Switching the UK’s fleet of heavy goods vehicles (HGVs) from diesel to biogas could reduce the carbon emissions of the freight sector by almost two thirds, according to a new report.
Currently the UK’s HGV fleet is almost exclusively made up of diesel fuelled vehicles, which account for about 7% of the UK's total CO2 emissions
This research by consultants Ricardo-AEA identifies typical HGV duty cycles, their share of CO2 emissions and which technologies and alternative fuels could best reduce these emissions.
Three key areas of opportunity are highlighted in the report:
1. Switching to biogas
The report concludes that one of the most effective strategies to achieve well-to-wheels (WTW) CO2 emission reduction in this sector is to encourage a large scale shift to the use of gas as a fuel to replace diesel. In the longer term the report says that using biomethane could offer reductions of between 33% and 65%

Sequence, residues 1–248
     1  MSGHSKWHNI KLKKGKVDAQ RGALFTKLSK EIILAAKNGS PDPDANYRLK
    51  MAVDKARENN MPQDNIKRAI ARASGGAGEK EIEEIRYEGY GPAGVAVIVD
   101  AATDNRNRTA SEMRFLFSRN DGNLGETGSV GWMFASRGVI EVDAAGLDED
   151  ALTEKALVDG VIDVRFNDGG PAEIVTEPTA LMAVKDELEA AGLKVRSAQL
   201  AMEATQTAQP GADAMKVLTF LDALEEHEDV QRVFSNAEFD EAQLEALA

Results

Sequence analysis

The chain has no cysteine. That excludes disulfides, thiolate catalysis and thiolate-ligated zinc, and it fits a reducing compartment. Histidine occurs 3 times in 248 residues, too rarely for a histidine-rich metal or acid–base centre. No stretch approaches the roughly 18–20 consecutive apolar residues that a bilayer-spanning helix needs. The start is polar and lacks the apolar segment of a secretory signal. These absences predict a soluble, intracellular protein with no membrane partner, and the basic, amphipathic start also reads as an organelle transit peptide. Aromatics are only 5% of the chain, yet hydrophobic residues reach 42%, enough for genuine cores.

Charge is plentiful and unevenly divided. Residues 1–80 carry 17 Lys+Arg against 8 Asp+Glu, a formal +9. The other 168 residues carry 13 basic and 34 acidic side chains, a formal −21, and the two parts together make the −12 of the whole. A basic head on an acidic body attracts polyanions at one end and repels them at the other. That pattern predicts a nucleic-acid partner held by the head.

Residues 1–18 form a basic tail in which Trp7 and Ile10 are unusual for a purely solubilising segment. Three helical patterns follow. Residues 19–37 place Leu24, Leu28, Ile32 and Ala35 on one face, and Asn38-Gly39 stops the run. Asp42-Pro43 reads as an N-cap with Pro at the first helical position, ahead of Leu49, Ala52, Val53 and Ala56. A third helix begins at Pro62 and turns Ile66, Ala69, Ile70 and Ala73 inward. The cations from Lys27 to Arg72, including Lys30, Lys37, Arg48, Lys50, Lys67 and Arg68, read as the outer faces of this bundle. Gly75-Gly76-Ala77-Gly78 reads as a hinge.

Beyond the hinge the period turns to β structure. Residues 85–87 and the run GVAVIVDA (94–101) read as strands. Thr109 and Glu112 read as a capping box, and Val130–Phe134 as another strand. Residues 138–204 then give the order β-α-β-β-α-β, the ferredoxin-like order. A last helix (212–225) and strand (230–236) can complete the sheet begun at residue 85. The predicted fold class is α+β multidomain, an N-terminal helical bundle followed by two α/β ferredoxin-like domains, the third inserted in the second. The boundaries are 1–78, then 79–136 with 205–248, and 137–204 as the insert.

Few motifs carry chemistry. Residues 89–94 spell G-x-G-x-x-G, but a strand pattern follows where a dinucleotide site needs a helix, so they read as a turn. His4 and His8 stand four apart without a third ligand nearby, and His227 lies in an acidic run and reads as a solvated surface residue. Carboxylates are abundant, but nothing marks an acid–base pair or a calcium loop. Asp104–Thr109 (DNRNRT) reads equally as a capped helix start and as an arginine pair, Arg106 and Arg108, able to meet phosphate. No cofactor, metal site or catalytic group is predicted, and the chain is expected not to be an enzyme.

2. Improving aerodynamic efficiency and reducing rolling resistance
The report states that over half of the energy transmitted to the wheels of a typical long haul HGV is estimated to be lost in rolling resistance, and over a third as aerodynamic drag. Doing more to encourage uptake of aerodynamic devices and less resistant tyres could lead to carbon reductions of 10%
3. Supporting the uptake of electric and hybrid vehicles
Electric and hybrid vehicles would be particularly suitable for urban and municipal utility duty cycles, says the report, and using these instead of diesel trucks could reduce carbon emissions in the sector by 8%.
Ricardo-AEA produced the report for The Task Force on Fuel Efficient, Low Emission HGV Technologies, a joint industry/Government initiative aimed at promoting the use of fuel efficient, low emission road freight technologies.